Emulators of Classic Computers

From: Tom Jennings <tomj_at_wps.com>
Date: Thu Jan 22 19:20:59 2004

On Tue, 2004-01-20 at 22:04, William Donzelli wrote:

> In theory, computing tubes would not use much power at all, so one could
> space the cathode-grid-plate structure very close, and get the super
> speeds due to the very short distances involved.

Well with gate::emitter separated by fractions of a micron, I don't know
how any theoretical tube would improve on that. I know the path an
electron or hole travels is somewhat brownian, hence longer, still, it's
pretty small!

Also, you need a source of electrons; in semiconductor stuff it's done
at the factory (more or less) by creating doped materials with low
quantum thresholds, such that mere voltage difference is enough to move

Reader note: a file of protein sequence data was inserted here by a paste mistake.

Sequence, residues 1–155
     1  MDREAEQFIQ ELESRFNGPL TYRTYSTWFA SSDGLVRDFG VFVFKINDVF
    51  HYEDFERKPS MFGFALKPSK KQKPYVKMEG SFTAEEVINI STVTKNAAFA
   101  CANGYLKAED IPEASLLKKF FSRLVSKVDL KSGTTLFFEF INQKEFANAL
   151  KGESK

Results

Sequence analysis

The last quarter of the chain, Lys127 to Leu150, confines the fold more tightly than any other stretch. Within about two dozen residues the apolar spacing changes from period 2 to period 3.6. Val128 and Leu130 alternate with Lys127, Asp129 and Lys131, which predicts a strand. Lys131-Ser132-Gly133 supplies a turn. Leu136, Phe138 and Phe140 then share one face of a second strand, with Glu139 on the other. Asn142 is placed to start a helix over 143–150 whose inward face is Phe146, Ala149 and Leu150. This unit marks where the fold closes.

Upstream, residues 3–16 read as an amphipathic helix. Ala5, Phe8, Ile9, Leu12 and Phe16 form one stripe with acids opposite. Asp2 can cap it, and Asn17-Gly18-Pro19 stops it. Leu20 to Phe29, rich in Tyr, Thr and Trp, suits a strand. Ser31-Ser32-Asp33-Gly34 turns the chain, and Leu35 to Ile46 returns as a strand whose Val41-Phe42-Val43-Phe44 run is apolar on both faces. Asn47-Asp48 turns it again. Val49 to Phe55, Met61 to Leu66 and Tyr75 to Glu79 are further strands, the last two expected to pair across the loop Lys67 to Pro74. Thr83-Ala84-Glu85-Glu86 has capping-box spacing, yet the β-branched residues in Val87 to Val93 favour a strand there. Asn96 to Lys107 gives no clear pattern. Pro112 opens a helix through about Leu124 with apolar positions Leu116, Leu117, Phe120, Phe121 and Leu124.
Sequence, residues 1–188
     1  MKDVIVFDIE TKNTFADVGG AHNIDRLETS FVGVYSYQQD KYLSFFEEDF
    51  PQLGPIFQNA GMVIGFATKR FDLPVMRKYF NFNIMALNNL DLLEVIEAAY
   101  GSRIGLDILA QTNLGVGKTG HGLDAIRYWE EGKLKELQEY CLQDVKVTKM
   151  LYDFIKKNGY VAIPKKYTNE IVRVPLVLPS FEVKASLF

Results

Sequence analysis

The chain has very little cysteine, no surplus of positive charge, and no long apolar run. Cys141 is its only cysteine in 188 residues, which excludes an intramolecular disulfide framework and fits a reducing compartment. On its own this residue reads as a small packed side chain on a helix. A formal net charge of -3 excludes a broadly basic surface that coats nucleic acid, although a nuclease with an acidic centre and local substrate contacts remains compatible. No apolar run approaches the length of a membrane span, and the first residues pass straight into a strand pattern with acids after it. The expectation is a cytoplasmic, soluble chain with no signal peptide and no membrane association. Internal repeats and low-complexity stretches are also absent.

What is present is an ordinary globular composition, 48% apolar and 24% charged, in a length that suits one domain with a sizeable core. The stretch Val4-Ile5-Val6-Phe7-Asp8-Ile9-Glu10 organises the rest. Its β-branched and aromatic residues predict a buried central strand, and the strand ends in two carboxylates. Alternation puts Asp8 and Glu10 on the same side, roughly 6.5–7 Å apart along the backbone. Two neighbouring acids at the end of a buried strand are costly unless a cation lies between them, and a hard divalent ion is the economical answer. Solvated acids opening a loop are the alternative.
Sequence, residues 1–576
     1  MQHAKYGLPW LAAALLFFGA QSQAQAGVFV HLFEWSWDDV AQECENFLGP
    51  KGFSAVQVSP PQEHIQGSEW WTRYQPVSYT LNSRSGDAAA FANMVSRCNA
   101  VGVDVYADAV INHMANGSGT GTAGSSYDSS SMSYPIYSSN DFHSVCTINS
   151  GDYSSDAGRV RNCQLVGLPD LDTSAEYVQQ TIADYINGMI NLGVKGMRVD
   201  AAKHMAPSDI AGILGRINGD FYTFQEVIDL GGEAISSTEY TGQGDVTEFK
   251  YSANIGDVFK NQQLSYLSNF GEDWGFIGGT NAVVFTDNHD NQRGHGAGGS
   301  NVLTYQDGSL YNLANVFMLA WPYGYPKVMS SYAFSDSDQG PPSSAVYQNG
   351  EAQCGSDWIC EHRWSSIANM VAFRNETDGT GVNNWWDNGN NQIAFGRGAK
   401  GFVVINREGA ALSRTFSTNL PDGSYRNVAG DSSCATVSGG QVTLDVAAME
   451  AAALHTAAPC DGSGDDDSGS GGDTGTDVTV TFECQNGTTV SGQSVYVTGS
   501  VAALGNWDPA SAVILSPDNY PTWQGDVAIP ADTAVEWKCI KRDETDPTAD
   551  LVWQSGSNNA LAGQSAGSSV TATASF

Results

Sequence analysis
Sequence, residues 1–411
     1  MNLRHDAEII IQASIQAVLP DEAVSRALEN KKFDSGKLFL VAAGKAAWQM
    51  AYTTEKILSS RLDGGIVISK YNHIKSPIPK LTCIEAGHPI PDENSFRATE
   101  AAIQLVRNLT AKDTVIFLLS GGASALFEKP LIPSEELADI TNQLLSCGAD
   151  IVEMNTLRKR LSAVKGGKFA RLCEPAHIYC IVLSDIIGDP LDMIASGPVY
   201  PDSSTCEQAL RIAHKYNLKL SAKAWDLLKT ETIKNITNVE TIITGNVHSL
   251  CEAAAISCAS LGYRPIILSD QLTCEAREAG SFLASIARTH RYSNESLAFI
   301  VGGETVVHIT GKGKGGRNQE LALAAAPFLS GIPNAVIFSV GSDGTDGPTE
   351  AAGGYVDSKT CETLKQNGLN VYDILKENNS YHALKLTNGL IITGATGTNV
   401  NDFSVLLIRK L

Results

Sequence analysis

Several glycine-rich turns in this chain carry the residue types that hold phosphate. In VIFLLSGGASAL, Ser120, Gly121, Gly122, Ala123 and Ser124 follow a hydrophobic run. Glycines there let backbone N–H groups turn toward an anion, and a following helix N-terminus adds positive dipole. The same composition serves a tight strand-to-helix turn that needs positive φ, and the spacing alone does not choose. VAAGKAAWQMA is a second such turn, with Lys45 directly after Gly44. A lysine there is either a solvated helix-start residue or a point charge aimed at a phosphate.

them around. With tubes, you gotta heat the miserable things up to fling
electrons loose, and to get enough electrons, yuo need a lot of metal
(though as you point out part this would scale very well).

> So, in a perfect world, with no capacitance or power problems, tubes
> would be great.

Another way to think of tubes is big delicate airy capacitors with heat
in the middle. They sure look cool though, and things like big 811's,
the very idea that the carbon plate is glowing cherry red merely from
Received on Thu Jan 22 2004 - 19:20:59 GMT

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